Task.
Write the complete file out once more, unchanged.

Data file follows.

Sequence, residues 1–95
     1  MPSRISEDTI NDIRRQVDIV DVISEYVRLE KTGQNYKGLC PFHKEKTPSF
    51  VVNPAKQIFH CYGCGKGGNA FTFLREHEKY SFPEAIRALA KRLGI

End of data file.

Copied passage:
Sequence, residues 1–95
     1  MPSRISEDTI NDIRRQVDIV DVISEYVRLE KTGQNYKGLC PFHKEKTPSF
    51  VVNPAKQIFH CYGCGKGGNA FTFLREHEKY SFPEAIRALA KRLGI